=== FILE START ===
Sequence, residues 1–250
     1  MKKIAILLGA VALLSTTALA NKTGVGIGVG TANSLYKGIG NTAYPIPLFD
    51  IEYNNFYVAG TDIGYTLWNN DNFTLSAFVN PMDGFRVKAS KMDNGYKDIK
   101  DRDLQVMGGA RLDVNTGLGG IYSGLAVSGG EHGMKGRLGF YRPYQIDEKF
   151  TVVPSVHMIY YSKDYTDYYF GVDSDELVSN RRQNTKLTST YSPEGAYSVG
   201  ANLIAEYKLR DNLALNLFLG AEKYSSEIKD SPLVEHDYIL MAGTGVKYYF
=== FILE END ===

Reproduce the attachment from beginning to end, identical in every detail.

Sequence, residues 1–250
     1  MKKIAILLGA VALLSTTALA NKTGVGIGVG TANSLYKGIG NTAYPIPLFD
    51  IEYNNFYVAG TDIGYTLWNN DNFTLSAFVN PMDGFRVKAS KMDNGYKDIK
   101  DRDLQVMGGA RLDVNTGLGG IYSGLAVSGG EHGMKGRLGF YRPYQIDEKF
   151  TVVPSVHMIY YSKDYTDYYF GVDSDELVSN RRQNTKLTST YSPEGAYSVG
   201  ANLIAEYKLR DNLALNLFLG AEKYSSEIKD SPLVEHDYIL MAGTGVKYYF